7. Fatherhood is in crisis in the Western world, and it's hardly better in the Lutheran church. Men and fathers have lost their leadership roles in their families and in their congregations - this is not news. But we rarely hear a single word from the pulpit about it! Thank you, Fr. Peterson, for saying something. Think about it: Unless you learned how to be a good father from your own father, you have almost no opportunity to learn anything about it in the Lutheran church. Maybe it's different in the USA. But up here in Canada, pastors simply don't talk about it. There's lots of room for serious Law preaching (and, I suppose, gentle teaching) about parenting.

    1. You've hit a serious weak spot of mine Michael. I feel, perhaps vainly and naively, that I know something about marriage from experience. I am blessed to have very happy, fulfilling marriage. But I do not think I am good at parenting despite having had very good parents or that I know much about it except that I wish I could do it all over again. It is one thing to recognize dirt bag dads for what they are, it is another to know how to "raise" children. Anyway, thanks for the note. The Law's wisdom tends to be neglected by us in most areas and there is definitely a need for all of it and plenty of room in our preaching for it. Certainly, if we consider the preaching of the early Church and Luther himself, we find that it is no way lacking or lite on moral teaching and instruction.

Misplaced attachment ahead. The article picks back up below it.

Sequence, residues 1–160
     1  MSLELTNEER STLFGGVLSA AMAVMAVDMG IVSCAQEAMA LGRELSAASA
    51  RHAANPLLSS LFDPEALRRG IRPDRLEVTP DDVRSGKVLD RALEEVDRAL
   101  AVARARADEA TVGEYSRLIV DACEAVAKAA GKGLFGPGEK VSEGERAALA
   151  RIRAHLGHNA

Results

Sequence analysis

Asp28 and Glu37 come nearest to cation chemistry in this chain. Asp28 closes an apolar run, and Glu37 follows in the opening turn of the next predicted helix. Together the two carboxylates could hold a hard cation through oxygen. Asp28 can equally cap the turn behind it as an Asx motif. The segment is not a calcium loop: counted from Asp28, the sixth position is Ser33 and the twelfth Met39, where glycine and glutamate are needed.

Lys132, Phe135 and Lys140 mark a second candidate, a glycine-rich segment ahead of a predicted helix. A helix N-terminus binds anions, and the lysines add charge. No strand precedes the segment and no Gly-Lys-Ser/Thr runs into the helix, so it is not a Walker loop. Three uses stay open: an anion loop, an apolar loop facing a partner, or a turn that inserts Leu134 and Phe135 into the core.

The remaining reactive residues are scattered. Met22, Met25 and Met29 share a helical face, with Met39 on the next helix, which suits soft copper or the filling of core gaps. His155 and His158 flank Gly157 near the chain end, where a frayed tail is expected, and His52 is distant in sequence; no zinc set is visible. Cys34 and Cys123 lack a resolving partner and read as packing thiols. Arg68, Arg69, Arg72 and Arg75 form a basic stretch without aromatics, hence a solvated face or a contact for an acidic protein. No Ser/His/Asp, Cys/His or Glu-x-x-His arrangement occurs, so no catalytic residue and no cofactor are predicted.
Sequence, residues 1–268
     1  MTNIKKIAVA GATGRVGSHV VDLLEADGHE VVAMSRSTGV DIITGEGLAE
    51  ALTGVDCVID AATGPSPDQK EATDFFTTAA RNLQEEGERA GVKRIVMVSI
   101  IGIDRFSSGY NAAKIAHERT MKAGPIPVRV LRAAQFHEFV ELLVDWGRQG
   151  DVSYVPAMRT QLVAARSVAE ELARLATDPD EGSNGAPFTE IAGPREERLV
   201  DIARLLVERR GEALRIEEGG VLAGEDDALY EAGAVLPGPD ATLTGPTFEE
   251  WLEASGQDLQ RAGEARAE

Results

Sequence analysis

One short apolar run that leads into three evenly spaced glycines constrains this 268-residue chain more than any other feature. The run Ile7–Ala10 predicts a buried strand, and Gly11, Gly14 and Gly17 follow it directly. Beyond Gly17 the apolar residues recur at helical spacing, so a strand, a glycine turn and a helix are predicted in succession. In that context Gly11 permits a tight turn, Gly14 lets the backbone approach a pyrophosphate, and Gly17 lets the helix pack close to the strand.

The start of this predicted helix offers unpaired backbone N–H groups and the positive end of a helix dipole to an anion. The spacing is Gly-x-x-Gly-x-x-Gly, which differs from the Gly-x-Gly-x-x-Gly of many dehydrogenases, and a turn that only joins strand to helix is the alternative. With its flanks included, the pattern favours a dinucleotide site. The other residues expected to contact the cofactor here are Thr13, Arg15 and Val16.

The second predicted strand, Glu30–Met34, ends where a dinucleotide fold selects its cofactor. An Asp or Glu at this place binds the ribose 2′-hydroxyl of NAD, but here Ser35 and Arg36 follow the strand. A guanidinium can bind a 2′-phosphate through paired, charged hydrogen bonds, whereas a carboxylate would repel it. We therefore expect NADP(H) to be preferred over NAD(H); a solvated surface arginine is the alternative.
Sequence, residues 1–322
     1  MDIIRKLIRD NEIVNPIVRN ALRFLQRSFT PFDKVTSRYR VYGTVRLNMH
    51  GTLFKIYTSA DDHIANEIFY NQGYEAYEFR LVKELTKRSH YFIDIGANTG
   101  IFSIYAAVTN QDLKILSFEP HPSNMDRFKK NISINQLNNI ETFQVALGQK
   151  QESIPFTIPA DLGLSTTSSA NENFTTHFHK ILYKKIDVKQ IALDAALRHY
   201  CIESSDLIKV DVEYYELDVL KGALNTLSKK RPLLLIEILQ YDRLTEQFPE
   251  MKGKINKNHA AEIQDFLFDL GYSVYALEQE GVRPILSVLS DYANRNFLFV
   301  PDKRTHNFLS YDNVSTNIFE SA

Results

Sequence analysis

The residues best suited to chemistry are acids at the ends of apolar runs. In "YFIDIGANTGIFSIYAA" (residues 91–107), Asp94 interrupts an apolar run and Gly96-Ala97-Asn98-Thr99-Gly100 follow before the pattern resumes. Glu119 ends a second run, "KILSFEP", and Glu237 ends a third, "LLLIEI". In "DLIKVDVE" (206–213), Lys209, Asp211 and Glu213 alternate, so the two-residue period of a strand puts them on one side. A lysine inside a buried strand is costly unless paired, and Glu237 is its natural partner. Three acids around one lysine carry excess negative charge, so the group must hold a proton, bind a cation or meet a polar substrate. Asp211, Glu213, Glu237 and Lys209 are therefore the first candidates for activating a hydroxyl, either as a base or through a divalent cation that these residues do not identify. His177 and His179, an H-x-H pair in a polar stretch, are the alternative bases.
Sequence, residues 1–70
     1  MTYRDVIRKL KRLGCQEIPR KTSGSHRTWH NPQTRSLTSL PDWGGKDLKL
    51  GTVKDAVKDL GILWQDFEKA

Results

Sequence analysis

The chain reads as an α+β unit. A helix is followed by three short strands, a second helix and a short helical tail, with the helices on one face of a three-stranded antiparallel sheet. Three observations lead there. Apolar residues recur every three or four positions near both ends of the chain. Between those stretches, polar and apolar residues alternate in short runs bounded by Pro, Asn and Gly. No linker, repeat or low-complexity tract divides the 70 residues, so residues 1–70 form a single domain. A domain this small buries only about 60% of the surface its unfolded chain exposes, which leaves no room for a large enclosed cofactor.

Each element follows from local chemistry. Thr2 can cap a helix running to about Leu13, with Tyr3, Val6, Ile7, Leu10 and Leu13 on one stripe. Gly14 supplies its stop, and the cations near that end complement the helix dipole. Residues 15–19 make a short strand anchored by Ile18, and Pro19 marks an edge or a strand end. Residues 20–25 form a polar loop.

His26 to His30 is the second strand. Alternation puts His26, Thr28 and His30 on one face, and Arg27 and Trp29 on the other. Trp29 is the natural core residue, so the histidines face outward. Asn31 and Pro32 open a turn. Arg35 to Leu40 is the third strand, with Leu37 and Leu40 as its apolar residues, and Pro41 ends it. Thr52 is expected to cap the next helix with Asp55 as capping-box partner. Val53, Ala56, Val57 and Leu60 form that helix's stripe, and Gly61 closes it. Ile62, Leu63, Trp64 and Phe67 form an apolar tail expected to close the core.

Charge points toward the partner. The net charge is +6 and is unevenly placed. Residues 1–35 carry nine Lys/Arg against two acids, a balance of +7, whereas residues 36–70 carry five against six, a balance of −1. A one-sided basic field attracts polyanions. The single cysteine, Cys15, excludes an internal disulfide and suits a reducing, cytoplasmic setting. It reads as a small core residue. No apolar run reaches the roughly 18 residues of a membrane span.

2. I often fail as a father when I am trying to use my children as a way to make up for failures and weaknesses in my own life, when I try to get them to be and do all the stuff I didn't do and wish I had. This provokes children to anger.

      Instead, we are to raise them in the way he or she is to go--individually, uniquely. We help them. We direct them. We form them. We provide the environment for that. But we can't and shouldn't relive our lives through our children. And yet I see it time and time again.